Public service changes cloud ACT economic success story

Ian Bushnell 18 May 2021 1
Majura Park

Commercial and residential construction is expected to grow. Photo: Michelle Kroll.

Dampened public service wage growth may take the steam out of the ACT’s booming economy, according to the latest Deloitte Access Economics business outlook.

A bigger Australian Public Service during the public health response to the pandemic has been good for Canberra, but those numbers have been declining as the crisis recedes, and Deloitte says the scrapping of the 2 per cent wages cap and tying of APS salaries to the private sector will also take the zing out of public servants’ buying power.

“In good times, that’ll see government wages grow faster than the old 2 per cent threshold. But when times are less good (as they are now – with the private sector wage price index at just 1.4 per cent), public sector wages will be more muted,” Deloitte says.

While the mainly COVID-free ACT may have sailed through the recession compared with the rest of the country, the ACT is starting to return to the national average.


READ ALSO: More online learning is not the answer for students or universities


The disruption to the ACT’s lucrative international student market, worth more than a billion dollars a year to the economy, also remains a concern long term.

“Uni students are a key driver of the ACT’s success and their return will be crucial to the territory’s growth trajectory in the longer term,” Deloitte says.

The ACT will welcome a reopening of international borders to get those students back, but overseas migration also accounts for half of ACT annual population growth, and the Territory’s international visitor numbers had been picking up a head of steam before the pandemic hit.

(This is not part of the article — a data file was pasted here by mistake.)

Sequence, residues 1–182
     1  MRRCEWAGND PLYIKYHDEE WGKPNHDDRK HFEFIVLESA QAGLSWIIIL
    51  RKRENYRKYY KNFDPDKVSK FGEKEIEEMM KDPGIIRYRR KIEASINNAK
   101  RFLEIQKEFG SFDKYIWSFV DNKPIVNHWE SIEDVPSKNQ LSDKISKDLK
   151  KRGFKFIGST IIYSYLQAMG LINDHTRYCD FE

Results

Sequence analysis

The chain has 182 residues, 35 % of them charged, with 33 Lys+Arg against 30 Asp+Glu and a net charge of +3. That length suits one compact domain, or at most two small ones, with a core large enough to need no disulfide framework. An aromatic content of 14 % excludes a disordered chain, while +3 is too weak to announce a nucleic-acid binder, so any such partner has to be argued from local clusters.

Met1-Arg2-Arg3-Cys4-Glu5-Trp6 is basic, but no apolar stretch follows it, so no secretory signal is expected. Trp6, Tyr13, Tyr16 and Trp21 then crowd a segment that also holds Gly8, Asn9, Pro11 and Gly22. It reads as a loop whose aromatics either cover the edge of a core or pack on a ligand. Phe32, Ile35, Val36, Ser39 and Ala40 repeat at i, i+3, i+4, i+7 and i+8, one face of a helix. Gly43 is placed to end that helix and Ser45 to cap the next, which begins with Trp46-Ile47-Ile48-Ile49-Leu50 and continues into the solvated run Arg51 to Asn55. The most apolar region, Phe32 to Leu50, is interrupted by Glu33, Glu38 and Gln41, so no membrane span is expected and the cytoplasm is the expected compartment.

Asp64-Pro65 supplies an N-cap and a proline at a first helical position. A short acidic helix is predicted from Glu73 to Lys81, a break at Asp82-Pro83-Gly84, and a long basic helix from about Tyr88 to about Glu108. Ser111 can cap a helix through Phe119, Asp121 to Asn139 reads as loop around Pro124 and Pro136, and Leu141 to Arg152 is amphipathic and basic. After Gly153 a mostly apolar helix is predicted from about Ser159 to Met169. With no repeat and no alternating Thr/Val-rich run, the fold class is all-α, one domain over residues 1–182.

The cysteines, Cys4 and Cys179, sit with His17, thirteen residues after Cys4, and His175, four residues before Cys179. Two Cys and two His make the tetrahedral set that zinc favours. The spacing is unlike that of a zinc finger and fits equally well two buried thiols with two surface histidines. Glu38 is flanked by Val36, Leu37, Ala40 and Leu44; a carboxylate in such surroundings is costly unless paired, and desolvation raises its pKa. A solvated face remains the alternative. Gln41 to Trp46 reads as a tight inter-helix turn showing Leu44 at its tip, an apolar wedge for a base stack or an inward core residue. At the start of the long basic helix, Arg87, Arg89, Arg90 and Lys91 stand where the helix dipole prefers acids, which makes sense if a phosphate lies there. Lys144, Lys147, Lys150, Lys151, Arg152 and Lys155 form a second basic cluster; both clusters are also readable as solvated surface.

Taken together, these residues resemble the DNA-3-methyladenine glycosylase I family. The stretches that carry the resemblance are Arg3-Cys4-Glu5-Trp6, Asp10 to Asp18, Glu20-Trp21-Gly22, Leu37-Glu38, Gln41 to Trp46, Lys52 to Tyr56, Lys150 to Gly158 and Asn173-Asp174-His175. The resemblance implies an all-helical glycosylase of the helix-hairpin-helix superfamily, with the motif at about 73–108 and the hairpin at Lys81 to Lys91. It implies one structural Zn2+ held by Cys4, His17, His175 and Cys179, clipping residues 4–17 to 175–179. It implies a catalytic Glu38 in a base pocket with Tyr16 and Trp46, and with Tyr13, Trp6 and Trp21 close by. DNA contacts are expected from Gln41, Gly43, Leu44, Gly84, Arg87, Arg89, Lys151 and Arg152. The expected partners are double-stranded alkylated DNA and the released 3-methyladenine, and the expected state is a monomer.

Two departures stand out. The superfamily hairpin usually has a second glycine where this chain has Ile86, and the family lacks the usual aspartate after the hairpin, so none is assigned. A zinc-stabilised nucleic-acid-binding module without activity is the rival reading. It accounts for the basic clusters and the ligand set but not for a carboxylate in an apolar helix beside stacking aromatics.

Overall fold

Deloitte also identifies the uncertainty of the COVID-19 vaccine rollout and less exuberant government spending as brakes on the local economy.

But overall, it tips the ACT economy to continue to perform well, supported by enthusiastic consumer spending, government infrastructure projects and the property market.

It says cashed-up Canberrans have swapped holidays for updating household goods and renovating their homes.

“Looking ahead, consumer spending by families is likely to be a major driver of growth for ACT’s economy as confidence grows and households continue to spend excess pandemic savings,” Deloitte says.


READ ALSO: Light rail patronage rebounding after COVID-19 hit


The HomeBuilder grants, which Canberrans have enthusiastically embraced, will provide a much-needed boost to the Territory’s construction sector, along with government infrastructure and sustainability measures announced in the budget.

“Infrastructure projects – like the extension of the light rail and Canberra hospital – as well as expansion of new and existing public schools, should further support the recovery of the construction sector,” Deloitte says.

“The budget also provides funding for sustainable industries by committing big dollars to a Sustainable Housing Scheme, the development of the Big Canberra Battery and Sustainable Household Scheme to realise its net zero-emissions energy target by 2045.”

The ACT jobs market has rebounded and the ACT has the lowest unemployment rate in the country. Participation has also increased.

Deloitte sees the ACT economy continuing to grow, with governments still spending and consumers buoyant.


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ChrisinTurner ChrisinTurner 8:39 am 14 Apr 21

Interestingly they don’t seem to identify servicing the huge capital cost of Light Rail and its doubling of the subsidy per passenger trip as factors affecting the ACT economy.

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